Please find below a range of resources for you to use and explore different English based activities. We have compiled different frames, symbols , and resources to offer choice-making and creative approaches to exploring different books, mark-making, and creative writing opportunities.
These resources can be used in a range of ways to support your child to discover different stories and ways to create their own.
Differentiation for all of these activities can be completed through errorless learning, meaning matching the correct option to the correct option or having only the correct option available, this allows for your child to be introduced to the language, symbols, and expectations of the activity. To increase the difficulty children can be offered an increased number of choices and asked to identify their own ideas.
These are ideas to spark creativity and are not set activities so please do use the resources to play, explore and discover the range of different books and love for creative writing and mark making…. Where will the story take you??
Please share all of your adventures on tapestry, we would love to see where the stories take you.
What the ladybird heard
Please listen to me reading ‘What the Ladybird Heard’ on Tapestry and then look at the activities below.
Have fun delving into the story by completing the activities.
- What the ladybird heard activity pack
- What the ladybird heard addition sheet
- What the ladybird heard counting sheet
- What the ladybird heard number bonds
Creating a story
Here are some resources you can use to create your own story at home using toys, props, food, recycling etc. Below are two videos, one for parents talking about how you can do this at home using the story template attached. The other video is an example of a creative story made up using props from the template.
You could even illustrate your story as well by drawing what happens and creating your own book. Below are also some examples of how you can create your own story map based on the story you create.
Have fun and enjoy creating your own story.
Thank you so much
Here are a selection photos sent in for the Reading challenge.
Comprehension to go with Live Reads
Please Mr Panda – Listen to Emma reading the story ‘Please Mr Panda’:
Look at the document below for some fun activities to go along with this story.
‘The Very Hungry Caterpillar’- Can you create your own version of the Hungry Caterpillar? What food would he eat each day? Would it be the same as you? Use the pictures provided, your own pictures, wrappers and packaging from food or draw the food into each day and then read your new story.
Can you answer questions about ‘The Very Hungry Caterpillar’? Use the presentation below to see what you can remember or use it as you listen to the story.
‘Winnie the Witch’- Read the letter from Winnie and mix the colours needed to colour in her cat Wilbur.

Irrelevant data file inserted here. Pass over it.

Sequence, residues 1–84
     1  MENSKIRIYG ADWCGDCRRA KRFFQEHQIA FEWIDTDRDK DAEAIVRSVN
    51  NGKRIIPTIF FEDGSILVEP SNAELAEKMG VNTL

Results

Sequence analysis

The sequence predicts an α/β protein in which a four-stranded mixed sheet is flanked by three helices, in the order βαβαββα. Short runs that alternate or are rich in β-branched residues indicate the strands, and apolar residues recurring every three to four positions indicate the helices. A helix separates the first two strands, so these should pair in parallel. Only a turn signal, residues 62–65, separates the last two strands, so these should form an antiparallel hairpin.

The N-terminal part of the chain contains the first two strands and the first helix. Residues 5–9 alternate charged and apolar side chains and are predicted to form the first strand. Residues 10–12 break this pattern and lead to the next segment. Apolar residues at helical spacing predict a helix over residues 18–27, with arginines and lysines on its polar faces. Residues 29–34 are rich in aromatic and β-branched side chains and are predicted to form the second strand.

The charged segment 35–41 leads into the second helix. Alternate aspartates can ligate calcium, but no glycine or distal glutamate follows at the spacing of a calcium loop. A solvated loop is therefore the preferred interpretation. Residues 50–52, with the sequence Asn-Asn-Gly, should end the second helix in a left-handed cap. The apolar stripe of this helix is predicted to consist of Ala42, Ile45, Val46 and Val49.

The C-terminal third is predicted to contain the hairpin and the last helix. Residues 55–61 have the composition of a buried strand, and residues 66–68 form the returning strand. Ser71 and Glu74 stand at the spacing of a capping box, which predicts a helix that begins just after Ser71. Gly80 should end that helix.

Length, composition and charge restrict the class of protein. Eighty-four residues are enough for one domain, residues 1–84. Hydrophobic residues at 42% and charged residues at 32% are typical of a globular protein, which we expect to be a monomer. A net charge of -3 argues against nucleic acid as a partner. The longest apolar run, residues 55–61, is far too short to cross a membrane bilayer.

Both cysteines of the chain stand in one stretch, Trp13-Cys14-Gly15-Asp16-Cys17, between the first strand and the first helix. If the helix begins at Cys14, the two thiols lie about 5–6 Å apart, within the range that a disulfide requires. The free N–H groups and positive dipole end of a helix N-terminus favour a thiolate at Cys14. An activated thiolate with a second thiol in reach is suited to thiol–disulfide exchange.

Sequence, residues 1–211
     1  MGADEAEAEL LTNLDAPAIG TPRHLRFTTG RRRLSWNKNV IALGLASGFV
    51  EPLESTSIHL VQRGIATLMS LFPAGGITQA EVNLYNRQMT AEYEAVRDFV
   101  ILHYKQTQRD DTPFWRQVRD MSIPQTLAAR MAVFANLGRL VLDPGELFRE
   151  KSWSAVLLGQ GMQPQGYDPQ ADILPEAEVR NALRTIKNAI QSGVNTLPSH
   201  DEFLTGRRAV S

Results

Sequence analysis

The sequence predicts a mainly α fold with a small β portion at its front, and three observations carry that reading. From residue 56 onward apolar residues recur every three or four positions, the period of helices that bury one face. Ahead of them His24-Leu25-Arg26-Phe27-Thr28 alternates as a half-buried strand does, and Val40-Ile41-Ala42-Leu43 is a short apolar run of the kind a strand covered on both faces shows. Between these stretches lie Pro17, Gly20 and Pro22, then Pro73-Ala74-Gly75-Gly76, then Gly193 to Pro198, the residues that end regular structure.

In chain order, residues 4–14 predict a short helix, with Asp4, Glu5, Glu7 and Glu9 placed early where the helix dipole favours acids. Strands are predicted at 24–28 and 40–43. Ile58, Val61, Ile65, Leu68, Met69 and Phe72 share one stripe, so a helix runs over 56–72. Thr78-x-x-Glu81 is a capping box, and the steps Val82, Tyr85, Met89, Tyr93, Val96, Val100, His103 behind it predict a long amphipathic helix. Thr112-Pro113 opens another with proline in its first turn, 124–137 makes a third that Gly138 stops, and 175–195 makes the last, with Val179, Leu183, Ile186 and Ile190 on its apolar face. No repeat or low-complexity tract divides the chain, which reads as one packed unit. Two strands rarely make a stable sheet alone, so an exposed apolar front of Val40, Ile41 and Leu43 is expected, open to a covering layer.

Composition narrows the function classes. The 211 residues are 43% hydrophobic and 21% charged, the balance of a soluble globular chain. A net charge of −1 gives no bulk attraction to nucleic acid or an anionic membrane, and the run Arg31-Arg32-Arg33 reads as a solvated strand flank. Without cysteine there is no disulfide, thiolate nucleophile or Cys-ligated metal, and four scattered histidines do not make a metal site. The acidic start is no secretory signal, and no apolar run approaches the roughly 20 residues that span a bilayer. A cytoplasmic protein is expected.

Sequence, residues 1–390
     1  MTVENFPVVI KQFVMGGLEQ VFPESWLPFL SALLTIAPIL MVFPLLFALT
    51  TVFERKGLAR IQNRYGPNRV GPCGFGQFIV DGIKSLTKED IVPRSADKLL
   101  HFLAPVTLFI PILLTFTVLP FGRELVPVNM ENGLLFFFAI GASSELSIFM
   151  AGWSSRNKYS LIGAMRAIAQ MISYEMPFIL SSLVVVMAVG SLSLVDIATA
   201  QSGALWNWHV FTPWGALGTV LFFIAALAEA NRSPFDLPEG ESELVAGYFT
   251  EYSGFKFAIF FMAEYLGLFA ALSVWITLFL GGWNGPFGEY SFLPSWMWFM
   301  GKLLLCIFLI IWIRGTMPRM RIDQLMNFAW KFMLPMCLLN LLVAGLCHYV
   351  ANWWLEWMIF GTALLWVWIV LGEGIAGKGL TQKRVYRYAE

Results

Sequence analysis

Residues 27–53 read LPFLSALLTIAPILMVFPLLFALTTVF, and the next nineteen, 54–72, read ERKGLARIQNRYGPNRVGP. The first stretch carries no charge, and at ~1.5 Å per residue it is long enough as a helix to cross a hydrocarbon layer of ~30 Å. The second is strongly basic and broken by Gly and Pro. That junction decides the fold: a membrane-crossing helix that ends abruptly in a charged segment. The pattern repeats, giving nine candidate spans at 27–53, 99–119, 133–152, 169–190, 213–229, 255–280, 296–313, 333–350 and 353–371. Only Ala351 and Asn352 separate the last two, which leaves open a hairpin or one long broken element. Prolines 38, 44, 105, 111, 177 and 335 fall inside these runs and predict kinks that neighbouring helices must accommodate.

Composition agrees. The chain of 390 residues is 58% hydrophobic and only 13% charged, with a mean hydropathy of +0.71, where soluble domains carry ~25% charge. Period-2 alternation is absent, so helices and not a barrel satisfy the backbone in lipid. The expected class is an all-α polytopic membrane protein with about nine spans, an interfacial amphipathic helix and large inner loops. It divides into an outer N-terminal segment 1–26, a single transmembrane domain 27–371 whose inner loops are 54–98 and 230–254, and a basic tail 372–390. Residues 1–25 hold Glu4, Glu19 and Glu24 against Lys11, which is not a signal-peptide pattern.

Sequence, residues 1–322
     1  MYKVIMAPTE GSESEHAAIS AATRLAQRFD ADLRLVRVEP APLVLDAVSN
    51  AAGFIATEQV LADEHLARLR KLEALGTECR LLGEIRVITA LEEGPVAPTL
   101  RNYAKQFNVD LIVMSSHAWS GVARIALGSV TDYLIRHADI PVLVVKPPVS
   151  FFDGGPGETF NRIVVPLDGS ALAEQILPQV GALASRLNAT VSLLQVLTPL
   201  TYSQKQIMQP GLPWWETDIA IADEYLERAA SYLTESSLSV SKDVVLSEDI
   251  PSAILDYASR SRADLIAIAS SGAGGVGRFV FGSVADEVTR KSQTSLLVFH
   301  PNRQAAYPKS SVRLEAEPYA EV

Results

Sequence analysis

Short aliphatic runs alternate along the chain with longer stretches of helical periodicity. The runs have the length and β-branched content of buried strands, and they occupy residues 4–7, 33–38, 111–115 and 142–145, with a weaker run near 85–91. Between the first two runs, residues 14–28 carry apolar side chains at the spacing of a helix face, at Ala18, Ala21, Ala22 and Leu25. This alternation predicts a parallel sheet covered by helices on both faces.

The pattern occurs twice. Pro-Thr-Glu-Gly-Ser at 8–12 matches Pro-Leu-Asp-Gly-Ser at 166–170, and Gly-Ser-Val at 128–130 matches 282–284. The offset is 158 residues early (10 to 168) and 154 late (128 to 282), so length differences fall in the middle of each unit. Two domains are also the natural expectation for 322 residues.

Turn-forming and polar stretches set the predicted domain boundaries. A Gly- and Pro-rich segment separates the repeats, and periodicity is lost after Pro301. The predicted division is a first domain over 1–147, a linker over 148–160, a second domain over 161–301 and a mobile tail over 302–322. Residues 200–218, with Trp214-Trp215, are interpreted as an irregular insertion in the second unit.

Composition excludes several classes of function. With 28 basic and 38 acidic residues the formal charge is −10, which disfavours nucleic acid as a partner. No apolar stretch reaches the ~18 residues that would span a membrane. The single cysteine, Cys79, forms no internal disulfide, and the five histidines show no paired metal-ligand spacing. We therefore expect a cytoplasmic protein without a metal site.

Peepo – Look at the pictures from the book ‘Peepo’, can you find all the named items?
Dear Zoo – Please listen to Linzi Hawkins reading ‘Dear Zoo’ and then see if you can answer the questions on the PowerPoint below. Was the Lion too scary? or was he too jumpy? Click on each slide to find a fun interactive song to enjoy about each animal.
Fine and gross motor activities
The pack and links below include pictures, printable activity cards, sensory bag recipes, a gross motor bingo board, gross motor activity ideas and some pictures of home made fine motor activities. Lots of the pupils had been developing these skills at school in their Writing lessons and across the curriculum so they will be familiar with lots of these activities. We also thought that they may be fun to do as a family or with siblings, especially the gross motor activities.
Sensory stories are a great way to make story telling interactive and fun for all involved. Please see below for some simple sensory story ideas you may like to try from home.
Throughout the year English as a subject, has remained a hugely important part of the daily timetable across all Key Stages.
Each class timetable offers weekly reading, writing and phonics sessions as well as regular opportunities for pupils to communicate, develop their play skills and socialise with the peers in their groups.
English skills continue to be taught both in these discrete lessons and embedded within the curriculum across a multitude of exciting events and topics.
The Library continues to be monitored and books replenished when needed and it remains a well-used resource throughout the school.
We recently held a parent volunteer reading day as part of World Book Day celebrations and this was very well received. We continue to welcome new volunteer parent readers and are grateful to all those parents who regularly support reading development in school. .
Drama is also a timetabled lesson that classes use to promote and teach a variety of performance and speaking and listening skills within curriculum topics..
Handwriting will continue to be taught in a multitude of sensory ways in classes next year but will also be the focus of some further booster sessions across the school to promote increased fine motor control and support the development of formal writing..
We continue to offer pupils opportunities to be involved in theatre trips, with the Lower school enjoying a local performance of ‘The Hungry Caterpillar’ this year and Upper school pupils engaging in visits further afield. .
As English is such an adaptable subject, we are looking forward to some exciting joint projects involving other curriculum areas in the coming year.
Amwell View School and Specialist Sports College
Mrs J. S. Liversage B. ED., Dip., B. Phil. (MSI)